Building Practical Origin-destination (od/trip) Matrices from Automatically Collected GPS Data



Building Practical Origin-destination (od/trip) Matrices from Automatically Collected GPS Data

Authors

T van Vuren, Mott MacDonald and ITS, University of Leeds, UK; C Carey, Mott MacDonald, UK

Description

We show how we have managed to create OD matrices from commercial data sources to replace or augment traditional survey methods such as roadside interviews. We discuss data issues such as bias and how to add purpose information.

Abstract

Origin-destination matrices are key elements in transport models; however, they are costly to collect and process. Typical survey methods such as roadside interviews, or car park surveys, are expensive and disruptive. The instrument can introduce bias, by traveller avoiding the interview sites. Increasingly, authorities refuse to have live surveys on their roads due to Health and Safety concerns. Other methods for collecting origins and destinations, such as Automatic Number Plate Recognition and mailbacks to vehicle owners, suffer from privacy concerns.

However, data sources exist that are routinely collected, which contain inherent information on origins and destinations. These are the locational points of GPS Tracker services, produced by vehicles fitted with advanced GPS devices and collected by organisations like TrafficMaster and iTIS. As the vehicles poll every few seconds, a huge amount of travel data is in principle available, including origins and destinations of the equipped vehicles. This data has successfully been used in the past to generate speed maps for whole regions; the increasing rate of take up of these devices means that coverage and sample sizes are now such that more detailed analyses are possible.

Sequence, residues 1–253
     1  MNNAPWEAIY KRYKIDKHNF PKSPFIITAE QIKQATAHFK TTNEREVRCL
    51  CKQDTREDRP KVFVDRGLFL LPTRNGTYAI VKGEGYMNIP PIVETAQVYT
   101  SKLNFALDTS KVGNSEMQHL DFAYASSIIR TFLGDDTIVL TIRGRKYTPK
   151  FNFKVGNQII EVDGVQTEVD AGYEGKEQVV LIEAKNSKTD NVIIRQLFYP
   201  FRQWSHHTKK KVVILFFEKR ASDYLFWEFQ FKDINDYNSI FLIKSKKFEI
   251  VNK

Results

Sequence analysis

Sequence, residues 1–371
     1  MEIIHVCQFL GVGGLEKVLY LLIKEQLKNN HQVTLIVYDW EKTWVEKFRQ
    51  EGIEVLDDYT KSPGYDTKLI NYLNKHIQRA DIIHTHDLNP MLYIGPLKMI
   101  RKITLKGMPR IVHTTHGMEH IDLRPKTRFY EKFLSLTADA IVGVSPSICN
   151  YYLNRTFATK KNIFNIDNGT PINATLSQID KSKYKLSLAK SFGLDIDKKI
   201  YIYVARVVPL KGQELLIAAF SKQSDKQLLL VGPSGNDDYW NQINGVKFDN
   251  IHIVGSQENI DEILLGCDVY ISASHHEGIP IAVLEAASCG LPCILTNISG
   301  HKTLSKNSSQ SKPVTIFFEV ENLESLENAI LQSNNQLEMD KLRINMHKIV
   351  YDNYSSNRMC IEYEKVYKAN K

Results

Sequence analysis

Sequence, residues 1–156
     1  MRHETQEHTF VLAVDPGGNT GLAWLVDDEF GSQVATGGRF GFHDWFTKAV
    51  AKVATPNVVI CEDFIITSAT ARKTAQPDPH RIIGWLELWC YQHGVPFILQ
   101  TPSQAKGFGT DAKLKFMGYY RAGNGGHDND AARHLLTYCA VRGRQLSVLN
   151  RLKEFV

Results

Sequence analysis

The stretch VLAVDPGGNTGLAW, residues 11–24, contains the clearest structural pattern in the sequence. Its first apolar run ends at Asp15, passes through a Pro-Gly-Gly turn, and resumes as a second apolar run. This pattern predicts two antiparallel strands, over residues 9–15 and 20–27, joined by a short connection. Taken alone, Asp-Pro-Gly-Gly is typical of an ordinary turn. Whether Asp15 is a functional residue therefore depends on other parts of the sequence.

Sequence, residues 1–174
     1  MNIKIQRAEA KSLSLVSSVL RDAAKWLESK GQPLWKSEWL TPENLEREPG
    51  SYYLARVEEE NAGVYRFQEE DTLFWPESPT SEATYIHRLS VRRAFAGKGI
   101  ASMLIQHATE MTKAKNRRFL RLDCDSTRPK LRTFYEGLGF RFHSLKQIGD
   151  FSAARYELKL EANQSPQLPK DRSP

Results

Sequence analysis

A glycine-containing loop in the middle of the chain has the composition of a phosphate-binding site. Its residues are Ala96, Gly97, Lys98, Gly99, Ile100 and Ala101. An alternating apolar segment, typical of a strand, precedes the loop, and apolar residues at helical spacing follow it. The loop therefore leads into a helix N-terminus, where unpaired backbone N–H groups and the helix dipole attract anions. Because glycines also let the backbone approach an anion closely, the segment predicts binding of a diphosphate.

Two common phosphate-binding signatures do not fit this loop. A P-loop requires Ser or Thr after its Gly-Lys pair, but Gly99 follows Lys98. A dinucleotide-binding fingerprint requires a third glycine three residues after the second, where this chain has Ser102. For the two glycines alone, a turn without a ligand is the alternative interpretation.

We describe five applications where we have used commercially available, automatically collected GPS data to derive origin destination trip matrices. These are:

- developing HGV origin destination matrices
- investigation of ODs and routing patterns for evidence against a proposed Motorway Service Area
- trip distribution patterns of short trips (ie junction hopping) and through trips using the urban motorway network
- roundabout turning proportions study
- RSI stability analyses between different survey years

The applications give us an insight into data quality and sample sizes, resulting in us being able to advise on the applicability of automatically collected GPS data for the creation of OD trip matrices. We are currently investigating whether and how additional travel characteristics can be determined, for example trip purpose (from land uses at origin and destination, or from the timing and regularity of the trip).

Publisher

Association for European Transport